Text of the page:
Chapter 20 Industrial districts as the outcome of self-organisationin time and space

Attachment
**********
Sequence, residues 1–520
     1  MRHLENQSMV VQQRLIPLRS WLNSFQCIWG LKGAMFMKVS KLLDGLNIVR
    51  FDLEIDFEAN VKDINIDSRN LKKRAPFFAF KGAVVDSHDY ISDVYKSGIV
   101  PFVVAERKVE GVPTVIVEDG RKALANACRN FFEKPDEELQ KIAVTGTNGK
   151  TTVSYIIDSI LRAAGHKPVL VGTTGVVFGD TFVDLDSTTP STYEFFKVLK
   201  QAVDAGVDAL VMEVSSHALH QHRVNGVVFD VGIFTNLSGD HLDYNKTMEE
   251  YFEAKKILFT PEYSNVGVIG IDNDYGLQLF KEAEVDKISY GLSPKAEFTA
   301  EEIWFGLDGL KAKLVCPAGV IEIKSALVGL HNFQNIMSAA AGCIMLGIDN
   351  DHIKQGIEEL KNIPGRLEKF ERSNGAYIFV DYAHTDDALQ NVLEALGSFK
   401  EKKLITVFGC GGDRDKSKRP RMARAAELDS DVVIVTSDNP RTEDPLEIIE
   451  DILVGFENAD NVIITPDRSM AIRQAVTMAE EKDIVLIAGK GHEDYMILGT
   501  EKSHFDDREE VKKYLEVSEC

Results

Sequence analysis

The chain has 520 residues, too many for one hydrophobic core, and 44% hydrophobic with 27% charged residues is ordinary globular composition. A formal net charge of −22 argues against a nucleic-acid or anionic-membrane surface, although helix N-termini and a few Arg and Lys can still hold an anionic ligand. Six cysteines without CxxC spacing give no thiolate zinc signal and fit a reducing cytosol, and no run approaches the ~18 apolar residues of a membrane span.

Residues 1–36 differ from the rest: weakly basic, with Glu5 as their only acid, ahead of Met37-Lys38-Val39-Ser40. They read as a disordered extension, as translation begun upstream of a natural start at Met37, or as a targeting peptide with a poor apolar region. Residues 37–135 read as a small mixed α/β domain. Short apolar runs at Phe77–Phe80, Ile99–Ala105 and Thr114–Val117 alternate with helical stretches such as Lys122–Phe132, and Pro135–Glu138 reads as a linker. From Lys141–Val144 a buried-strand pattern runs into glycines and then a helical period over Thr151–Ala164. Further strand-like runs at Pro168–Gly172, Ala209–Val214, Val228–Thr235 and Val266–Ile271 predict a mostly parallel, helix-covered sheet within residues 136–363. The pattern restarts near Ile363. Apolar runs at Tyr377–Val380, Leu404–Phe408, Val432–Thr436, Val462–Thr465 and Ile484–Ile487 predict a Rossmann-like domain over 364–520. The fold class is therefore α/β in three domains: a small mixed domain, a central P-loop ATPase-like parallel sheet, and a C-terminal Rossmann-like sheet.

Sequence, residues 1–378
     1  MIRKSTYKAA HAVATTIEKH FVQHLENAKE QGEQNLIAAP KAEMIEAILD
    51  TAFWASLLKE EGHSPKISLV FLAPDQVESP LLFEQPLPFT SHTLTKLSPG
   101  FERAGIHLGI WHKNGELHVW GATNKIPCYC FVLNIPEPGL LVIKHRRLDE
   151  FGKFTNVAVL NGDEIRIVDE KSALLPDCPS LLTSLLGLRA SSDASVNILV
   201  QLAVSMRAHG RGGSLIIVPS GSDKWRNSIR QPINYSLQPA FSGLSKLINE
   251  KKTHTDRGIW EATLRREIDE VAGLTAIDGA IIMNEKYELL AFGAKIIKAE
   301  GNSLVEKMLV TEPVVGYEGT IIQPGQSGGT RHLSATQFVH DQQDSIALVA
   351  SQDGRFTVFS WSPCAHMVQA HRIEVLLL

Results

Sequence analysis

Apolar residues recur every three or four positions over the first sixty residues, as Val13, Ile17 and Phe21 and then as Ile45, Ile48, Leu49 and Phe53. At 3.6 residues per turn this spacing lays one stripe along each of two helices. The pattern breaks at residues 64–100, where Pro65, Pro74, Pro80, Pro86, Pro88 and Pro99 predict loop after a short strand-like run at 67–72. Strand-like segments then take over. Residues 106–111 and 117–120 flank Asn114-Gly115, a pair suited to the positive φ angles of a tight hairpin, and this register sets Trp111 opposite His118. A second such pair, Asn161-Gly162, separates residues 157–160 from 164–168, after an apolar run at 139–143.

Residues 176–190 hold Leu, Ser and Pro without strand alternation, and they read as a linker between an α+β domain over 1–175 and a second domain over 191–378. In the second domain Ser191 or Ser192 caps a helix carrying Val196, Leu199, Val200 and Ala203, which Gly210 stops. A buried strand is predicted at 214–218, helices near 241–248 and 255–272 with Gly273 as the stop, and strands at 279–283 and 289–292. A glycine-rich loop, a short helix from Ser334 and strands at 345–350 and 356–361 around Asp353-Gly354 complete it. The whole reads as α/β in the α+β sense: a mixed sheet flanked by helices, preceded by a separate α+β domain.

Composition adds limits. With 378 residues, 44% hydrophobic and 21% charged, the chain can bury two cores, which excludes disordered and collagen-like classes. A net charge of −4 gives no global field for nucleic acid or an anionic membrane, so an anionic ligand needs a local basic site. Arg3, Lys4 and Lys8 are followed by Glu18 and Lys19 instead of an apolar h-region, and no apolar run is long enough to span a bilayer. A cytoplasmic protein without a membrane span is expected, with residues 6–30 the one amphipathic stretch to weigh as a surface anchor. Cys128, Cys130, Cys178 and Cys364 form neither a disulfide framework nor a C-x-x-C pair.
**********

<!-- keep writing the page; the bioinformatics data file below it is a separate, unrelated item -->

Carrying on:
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The spatial distribution of economic activities and location of industries evolved as a result of a combination of natural factors and complex human activities. The simulation of long-term processes in terms of the division of labour simultaneously with the dynamics of company location requires methods other than those used in mainstream economics. In evolutionary biology, conceptual models inspired by agent-based modelling have the capacity to simulate the microscopic behaviour of each firm influenced by the external environment and the behaviour of the closest individuals. Following Marshallian principles, it is assumed that evolution is driven by the two opposing forces of cooperation and competition. The result of spatial dynamics in an ideal evolutionary environment that leads to results known in the real world as industrial districts made up of a large number of small businesses.

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